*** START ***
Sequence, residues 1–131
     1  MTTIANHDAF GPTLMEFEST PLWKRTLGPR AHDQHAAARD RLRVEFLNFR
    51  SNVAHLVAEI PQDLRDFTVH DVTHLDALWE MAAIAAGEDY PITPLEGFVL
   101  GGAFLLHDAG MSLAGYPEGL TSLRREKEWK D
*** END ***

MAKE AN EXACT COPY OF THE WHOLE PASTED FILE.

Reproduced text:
Sequence, residues 1–131
     1  MTTIANHDAF GPTLMEFEST PLWKRTLGPR AHDQHAAARD RLRVEFLNFR
    51  SNVAHLVAEI PQDLRDFTVH DVTHLDALWE MAAIAAGEDY PITPLEGFVL
   101  GGAFLLHDAG MSLAGYPEGL TSLRREKEWK D